As the temperature rises, the coil expands but the top plate’s inside diameter does not. The coil then scrapes against the top plate and is one major cause of failure. To make matters worse, the adhesive used to hold the voice coil together loses its strength at high temperatures and even a minor coil rub against the top plate can dislodge some of the coil windings. At that point, the loudspeaker would fail.
There is also the possibility of power compression. As the voice coil gets hotter, its impedance rises sometimes to more than double the nominal room temperature impedance. The loudspeaker then draws less power and the output level shifts downward. As a result, the audio system’s operator often increases the amplifier gain to compensate, which in turn burns out the voice coil (see Photo 3). The audio signal’s duty cycle is an important but often overlooked issue.
Live music and speech have crest factors, where the peak levels may be 10 dB higher than the average power. Voice coil heating is not as rapid when the program material has a wide dynamic range. Because the duty cycle is not as high, the loudspeaker’s natural heat dissipation can keep up with the heat the amplifier signal generates in the voice coil. When limiters and compressors are used, or in the case of MP3 or radio sources, the crest factor is far lower and the average power to the loudspeaker is much higher, resulting in more heat being generated.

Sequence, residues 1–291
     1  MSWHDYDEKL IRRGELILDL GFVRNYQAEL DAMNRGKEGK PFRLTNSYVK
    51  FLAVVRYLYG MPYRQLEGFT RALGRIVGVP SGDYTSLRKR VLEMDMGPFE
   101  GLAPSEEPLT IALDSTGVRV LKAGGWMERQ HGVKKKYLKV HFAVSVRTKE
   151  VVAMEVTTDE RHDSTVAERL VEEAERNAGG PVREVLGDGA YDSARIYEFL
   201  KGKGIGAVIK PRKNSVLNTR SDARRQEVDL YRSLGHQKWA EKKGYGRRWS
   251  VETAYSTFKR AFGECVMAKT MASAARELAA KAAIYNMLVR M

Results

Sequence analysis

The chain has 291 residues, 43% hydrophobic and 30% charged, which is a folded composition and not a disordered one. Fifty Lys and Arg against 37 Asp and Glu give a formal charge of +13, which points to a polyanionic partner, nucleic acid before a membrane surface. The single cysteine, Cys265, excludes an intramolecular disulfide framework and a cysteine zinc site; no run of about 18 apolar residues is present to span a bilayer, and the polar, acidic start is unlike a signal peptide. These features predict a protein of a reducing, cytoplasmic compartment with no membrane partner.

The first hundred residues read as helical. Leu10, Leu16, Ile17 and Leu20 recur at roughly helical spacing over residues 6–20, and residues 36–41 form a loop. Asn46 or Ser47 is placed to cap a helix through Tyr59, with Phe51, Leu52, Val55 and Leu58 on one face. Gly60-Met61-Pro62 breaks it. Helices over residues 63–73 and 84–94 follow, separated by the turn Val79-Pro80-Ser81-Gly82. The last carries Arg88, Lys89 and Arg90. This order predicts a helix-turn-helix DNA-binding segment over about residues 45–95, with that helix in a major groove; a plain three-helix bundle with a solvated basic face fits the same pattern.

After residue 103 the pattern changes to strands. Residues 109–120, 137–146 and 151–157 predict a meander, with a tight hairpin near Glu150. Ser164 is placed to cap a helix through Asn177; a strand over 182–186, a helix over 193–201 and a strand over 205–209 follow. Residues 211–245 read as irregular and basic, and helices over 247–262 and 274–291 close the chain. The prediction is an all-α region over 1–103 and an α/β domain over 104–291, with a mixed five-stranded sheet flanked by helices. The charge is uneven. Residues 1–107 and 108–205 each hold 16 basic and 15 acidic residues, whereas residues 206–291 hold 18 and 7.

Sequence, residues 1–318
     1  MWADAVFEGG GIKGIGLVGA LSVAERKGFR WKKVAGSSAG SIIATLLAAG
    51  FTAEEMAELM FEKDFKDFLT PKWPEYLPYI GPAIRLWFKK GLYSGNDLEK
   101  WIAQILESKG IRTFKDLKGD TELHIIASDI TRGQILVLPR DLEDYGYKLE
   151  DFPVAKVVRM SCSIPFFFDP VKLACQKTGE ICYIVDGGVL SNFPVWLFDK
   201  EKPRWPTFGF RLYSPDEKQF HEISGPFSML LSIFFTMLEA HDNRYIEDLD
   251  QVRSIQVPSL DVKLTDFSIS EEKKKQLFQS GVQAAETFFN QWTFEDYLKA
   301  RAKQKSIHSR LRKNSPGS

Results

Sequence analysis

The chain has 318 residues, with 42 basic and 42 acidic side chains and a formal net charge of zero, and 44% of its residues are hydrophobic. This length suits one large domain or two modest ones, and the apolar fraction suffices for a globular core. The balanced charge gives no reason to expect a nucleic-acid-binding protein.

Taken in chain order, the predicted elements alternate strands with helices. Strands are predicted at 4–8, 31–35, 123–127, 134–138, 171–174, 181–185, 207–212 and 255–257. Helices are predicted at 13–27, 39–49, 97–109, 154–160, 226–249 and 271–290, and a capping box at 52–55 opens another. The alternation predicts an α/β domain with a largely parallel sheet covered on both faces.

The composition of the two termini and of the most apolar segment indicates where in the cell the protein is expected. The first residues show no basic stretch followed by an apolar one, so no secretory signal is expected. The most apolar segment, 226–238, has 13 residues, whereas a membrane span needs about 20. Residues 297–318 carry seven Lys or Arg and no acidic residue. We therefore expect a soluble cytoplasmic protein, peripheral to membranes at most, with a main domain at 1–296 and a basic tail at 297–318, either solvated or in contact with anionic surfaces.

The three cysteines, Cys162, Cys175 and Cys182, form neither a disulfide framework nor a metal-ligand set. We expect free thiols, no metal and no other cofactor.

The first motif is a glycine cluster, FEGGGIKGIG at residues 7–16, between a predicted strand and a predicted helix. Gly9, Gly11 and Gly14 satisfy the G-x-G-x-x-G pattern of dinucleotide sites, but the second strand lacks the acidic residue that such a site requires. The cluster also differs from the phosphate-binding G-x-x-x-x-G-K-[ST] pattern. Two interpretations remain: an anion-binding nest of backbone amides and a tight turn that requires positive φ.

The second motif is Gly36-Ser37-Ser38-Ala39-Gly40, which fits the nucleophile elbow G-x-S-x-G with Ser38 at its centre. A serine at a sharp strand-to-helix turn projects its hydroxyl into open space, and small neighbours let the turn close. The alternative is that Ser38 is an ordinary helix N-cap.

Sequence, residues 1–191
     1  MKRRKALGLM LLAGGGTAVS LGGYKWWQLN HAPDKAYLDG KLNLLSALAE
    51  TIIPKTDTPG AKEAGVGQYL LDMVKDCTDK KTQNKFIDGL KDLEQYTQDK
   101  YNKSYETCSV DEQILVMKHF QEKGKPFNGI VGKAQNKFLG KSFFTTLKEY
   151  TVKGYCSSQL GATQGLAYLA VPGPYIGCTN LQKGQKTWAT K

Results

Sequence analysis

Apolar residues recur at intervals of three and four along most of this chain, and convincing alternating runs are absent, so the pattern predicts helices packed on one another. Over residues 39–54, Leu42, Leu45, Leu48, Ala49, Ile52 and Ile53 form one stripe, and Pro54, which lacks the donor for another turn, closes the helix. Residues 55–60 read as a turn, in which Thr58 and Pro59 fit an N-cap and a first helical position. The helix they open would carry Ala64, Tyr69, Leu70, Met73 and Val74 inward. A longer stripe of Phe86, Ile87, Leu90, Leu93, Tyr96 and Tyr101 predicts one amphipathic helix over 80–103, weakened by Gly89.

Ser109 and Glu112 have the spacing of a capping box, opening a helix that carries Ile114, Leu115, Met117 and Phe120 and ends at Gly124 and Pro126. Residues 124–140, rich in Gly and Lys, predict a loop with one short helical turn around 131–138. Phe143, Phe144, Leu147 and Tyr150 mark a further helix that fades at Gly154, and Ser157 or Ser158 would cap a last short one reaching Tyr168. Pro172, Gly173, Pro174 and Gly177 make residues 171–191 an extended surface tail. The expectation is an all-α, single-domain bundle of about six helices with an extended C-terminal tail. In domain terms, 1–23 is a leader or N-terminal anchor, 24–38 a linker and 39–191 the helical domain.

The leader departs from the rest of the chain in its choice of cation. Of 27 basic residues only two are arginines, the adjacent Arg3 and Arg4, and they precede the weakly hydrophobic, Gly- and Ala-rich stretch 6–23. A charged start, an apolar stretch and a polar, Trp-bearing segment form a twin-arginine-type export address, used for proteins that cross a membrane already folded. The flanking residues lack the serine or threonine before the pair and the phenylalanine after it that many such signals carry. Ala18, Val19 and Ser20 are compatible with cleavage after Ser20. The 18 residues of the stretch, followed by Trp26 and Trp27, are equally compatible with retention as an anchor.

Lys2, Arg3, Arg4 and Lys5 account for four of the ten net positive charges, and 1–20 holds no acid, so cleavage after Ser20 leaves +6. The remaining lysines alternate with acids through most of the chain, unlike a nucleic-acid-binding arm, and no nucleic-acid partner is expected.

We should mention, a speaker system’s apparent loudness can be far greater when compressor/limiters are used and still not exceed a loudspeaker’s excursion limits. Microspeakers have limited heat dissipation, yet signal processors for their applications use extreme compression to increase apparent loudness.
In our next article, we will discuss how the most sophisticated adaptive speaker processors monitor and protect speakers from thermal overload even when the crest factor is small (i.e., when the entire signal continuously runs at its highest capacity) like those commercials that seem much louder than the program. While the Federal Communications Commission (FCC) limits the peak levels, there are no regulations for packing it all into the maximum level.
A totally different thermal problem can occur in loudspeakers with neodymium magnets. Depending on the neodymium’s specifications, there is a temporary loss of speaker sensitivity as the magnet is heated to its limits. A more serious condition is the permanent loss of magnet strength. Most pro loudspeaker neodymium magnets experience problems around 130°C. For most pro voice coils, the adhesives can tolerate 180°C peak thermal excursions. The magnet may reach 130°C under these conditions.